~ The Wilkinson Third Pattern F-S Fighting Knife ~


October 1943 Onwards

~ A Knife Of Compromise ~

_____________________________________________________

October of 1943 ushered in the final era of the World War Two F-S Wilkinson trilogy.  Once again the pressures of war, increased demand and strains on raw materials required more changes to the F-S design.   Once more it was the hilt that was targeted, this time the brass grip being dropped all together in favor of a non-strategic alloy.  Cast with 27 concentric rings, these were now outsourced from four different foundries which supplied not only Wilkinson Sword but until wars end, the many other manufacturers who were now fulfilling Ministry of Supply contracts.  Interestingly, these grips have a small number 1,2,3 or 4 as part of the casting seen near the pommel area.  Research has revealed four different supplies of these grips and it is believed that each corresponded to a number, likely for quality control purposes.

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The resulting new grip design was a distinct departure from previous patterns.  Although the overall form was not dissimilar to the preceding patterns it did lack the graceful lines of its predecessors.  The most visually distinct change was to  the  textured  portion of the grip which now allowed for a more robust grip retention.  The original (brass) grips had been finely knurled resulting in a cross-hatching to the larger portion of the grip.  This was now replaced with a simplistic design of twenty seven concentric rings which covered a similar area.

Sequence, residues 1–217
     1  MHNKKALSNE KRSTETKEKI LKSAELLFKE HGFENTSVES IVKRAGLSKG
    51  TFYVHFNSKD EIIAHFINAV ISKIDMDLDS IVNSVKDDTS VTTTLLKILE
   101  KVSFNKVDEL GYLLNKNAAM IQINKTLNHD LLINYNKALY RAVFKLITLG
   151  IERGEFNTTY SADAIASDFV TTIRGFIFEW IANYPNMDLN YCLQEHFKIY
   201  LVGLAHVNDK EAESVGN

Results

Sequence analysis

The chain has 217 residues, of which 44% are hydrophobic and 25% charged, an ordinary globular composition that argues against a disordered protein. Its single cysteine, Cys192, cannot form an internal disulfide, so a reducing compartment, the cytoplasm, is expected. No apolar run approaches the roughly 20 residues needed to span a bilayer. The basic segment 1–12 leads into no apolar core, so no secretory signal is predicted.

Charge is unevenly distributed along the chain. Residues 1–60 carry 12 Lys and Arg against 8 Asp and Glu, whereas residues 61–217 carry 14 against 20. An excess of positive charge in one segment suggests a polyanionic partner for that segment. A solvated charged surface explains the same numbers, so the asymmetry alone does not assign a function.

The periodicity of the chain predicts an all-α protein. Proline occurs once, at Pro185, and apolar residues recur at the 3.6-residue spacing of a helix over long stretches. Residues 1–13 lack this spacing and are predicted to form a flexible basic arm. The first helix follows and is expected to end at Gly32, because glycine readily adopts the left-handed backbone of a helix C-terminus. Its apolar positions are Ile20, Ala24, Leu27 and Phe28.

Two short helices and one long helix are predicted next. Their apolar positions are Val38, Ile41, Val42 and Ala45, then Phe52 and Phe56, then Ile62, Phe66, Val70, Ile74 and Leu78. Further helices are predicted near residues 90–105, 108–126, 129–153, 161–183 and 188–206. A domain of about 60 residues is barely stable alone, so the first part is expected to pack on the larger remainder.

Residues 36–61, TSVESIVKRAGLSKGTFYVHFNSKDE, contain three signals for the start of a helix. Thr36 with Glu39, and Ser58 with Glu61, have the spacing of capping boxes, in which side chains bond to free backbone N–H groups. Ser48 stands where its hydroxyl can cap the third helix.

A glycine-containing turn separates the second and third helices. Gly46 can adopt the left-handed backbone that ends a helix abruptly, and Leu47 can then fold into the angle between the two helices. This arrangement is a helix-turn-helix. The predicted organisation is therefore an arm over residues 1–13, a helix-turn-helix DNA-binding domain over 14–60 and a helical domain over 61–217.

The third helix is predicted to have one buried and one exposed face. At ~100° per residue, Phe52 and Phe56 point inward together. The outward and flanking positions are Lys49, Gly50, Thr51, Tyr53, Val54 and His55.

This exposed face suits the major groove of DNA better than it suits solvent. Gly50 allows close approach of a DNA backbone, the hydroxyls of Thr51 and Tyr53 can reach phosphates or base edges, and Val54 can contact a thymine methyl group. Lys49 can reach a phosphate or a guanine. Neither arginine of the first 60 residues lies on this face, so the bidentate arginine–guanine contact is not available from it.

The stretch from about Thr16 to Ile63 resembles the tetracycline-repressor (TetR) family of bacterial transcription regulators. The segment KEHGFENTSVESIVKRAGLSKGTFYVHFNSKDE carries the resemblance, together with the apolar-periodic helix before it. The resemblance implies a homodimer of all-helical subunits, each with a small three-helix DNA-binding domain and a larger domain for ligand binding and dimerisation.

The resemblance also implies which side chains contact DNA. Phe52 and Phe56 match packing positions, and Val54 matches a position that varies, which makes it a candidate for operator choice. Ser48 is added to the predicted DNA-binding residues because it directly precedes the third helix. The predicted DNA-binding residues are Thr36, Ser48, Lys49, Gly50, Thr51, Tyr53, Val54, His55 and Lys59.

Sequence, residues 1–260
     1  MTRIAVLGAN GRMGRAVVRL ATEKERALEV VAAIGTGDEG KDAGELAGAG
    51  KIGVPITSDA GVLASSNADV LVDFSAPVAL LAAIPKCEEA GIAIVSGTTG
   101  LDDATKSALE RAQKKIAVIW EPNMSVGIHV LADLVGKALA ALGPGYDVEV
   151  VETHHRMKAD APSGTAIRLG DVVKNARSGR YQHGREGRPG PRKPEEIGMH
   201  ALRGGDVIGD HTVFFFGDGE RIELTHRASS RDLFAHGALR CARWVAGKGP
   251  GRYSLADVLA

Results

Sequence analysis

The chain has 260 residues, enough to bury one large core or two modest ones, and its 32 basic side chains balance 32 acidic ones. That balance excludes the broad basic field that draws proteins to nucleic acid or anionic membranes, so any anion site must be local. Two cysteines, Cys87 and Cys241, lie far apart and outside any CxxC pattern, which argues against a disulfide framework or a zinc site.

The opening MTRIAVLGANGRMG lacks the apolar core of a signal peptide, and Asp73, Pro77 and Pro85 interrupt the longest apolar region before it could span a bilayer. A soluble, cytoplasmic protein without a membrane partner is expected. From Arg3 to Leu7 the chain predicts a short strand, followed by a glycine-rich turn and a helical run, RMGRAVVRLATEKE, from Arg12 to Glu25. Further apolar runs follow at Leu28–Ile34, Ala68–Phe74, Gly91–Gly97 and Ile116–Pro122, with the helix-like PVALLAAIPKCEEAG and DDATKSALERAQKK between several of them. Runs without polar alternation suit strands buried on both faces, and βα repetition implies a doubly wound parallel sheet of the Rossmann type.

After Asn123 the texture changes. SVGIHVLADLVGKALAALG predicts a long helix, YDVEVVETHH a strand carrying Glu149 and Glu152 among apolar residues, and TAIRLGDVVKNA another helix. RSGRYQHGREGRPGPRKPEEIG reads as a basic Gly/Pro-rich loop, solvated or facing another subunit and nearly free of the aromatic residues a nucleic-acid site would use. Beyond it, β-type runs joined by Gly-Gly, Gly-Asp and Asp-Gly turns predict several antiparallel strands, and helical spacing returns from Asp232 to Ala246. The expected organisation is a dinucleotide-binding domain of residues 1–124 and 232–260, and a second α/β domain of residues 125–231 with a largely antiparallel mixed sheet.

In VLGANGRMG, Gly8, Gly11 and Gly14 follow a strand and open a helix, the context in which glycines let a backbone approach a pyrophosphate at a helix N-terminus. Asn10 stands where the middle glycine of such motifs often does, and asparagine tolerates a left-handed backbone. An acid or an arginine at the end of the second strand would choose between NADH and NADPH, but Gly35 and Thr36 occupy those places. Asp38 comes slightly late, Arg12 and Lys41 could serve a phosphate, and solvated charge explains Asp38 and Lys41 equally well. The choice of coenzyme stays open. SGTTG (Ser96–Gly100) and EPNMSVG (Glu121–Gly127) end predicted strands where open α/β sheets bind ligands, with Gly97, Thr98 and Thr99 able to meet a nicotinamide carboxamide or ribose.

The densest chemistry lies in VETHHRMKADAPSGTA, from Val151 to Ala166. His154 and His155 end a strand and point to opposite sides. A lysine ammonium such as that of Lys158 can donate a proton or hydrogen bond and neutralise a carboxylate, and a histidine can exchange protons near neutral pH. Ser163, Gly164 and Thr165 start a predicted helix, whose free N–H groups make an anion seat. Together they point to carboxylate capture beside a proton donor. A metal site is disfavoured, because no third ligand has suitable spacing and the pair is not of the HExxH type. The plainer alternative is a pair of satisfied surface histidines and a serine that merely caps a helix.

In order to monitor quality control, the molds used to cast the alloy grips had a small number as part of the casting.  Shown in relief at the smooth section on the pommel and just above the rings the numbers are 1,2,3 or 4.  As four manufactures of these cast grips have been identified through Wilkinson’s internal records it is reasonable to conclude that each mold number related to a specific manufacturer.  The four supplies of cast grips were as follows:


   Wolverhampton Die Casting Company


    Walsall Die Casting Ltd


    Perry Bar Metal Co of Birmingham


    H. J. Maybry of London

Research to date has not been able to conclusively link each mold number with a specific maker.  However the Ministry of Supply memo (shown below) dated 30th October 1943 details some quality issues with cast grips recently received from the Wolverhampton Die Casting Company.  Interestingly in the first paragraph, mould number ‘4‘ is mentioned.  From this we can determine that those grips that carry this number likely originated from this company.

Another challenge that surfaced during the introduction of the cast grip was that of finish.  It was found that the blackening process would not adhere to the cast alloy.  To facilitate the process the grips had to first have a copper wash applied prior to the blackening process.  With age and wear this copper finish can now be seen on many knives, occasionally mistaken for the final finish.